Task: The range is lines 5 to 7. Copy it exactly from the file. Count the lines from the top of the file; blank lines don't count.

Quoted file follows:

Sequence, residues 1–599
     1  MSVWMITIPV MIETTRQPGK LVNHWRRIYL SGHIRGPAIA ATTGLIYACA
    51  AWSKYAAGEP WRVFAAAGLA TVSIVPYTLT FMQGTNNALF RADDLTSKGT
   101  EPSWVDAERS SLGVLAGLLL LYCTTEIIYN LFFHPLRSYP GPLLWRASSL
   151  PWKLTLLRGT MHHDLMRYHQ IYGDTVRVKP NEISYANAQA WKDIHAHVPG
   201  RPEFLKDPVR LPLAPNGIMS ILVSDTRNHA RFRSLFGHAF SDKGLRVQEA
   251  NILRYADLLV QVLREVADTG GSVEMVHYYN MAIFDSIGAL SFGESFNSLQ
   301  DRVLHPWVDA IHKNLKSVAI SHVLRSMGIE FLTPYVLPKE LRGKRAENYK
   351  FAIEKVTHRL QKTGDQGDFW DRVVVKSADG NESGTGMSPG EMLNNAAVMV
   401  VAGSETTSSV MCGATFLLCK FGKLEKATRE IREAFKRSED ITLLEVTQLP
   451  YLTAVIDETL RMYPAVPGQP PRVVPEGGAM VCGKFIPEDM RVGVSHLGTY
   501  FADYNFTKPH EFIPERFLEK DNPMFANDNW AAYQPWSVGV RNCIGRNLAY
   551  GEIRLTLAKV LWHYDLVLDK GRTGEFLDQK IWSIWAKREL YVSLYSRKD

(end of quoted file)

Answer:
   151  PWKLTLLRGT MHHDLMRYHQ IYGDTVRVKP NEISYANAQA WKDIHAHVPG
   201  RPEFLKDPVR LPLAPNGIMS ILVSDTRNHA RFRSLFGHAF SDKGLRVQEA
   251  NILRYADLLV QVLREVADTG GSVEMVHYYN MAIFDSIGAL SFGESFNSLQ